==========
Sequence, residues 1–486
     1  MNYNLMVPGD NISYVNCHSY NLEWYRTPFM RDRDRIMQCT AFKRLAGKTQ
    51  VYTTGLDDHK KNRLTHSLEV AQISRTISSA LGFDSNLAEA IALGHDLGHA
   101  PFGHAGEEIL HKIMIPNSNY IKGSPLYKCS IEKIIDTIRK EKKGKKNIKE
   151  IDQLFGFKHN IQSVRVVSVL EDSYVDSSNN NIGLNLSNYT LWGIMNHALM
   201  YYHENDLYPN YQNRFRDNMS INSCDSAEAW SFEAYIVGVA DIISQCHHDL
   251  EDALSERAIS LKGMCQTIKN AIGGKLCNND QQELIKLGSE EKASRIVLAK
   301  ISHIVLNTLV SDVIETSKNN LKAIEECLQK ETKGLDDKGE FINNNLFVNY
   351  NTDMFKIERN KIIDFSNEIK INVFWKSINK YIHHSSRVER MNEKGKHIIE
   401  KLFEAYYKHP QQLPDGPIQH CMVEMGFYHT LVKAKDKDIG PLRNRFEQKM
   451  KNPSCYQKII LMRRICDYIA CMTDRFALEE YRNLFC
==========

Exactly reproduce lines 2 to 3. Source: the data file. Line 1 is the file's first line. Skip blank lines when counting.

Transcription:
     1  MNYNLMVPGD NISYVNCHSY NLEWYRTPFM RDRDRIMQCT AFKRLAGKTQ
    51  VYTTGLDDHK KNRLTHSLEV AQISRTISSA LGFDSNLAEA IALGHDLGHA